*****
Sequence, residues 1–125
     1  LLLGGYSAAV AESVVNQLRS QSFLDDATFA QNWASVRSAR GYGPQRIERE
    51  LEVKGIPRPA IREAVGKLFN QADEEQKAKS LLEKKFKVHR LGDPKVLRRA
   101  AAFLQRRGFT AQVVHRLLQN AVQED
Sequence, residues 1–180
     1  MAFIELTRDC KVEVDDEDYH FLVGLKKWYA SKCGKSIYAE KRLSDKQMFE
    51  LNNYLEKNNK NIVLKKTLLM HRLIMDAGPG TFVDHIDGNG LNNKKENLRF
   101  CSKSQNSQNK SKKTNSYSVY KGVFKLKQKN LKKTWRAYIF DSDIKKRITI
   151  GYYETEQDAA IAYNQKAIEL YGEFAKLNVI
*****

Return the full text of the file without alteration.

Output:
Sequence, residues 1–125
     1  LLLGGYSAAV AESVVNQLRS QSFLDDATFA QNWASVRSAR GYGPQRIERE
    51  LEVKGIPRPA IREAVGKLFN QADEEQKAKS LLEKKFKVHR LGDPKVLRRA
   101  AAFLQRRGFT AQVVHRLLQN AVQED
Sequence, residues 1–180
     1  MAFIELTRDC KVEVDDEDYH FLVGLKKWYA SKCGKSIYAE KRLSDKQMFE
    51  LNNYLEKNNK NIVLKKTLLM HRLIMDAGPG TFVDHIDGNG LNNKKENLRF
   101  CSKSQNSQNK SKKTNSYSVY KGVFKLKQKN LKKTWRAYIF DSDIKKRITI
   151  GYYETEQDAA IAYNQKAIEL YGEFAKLNVI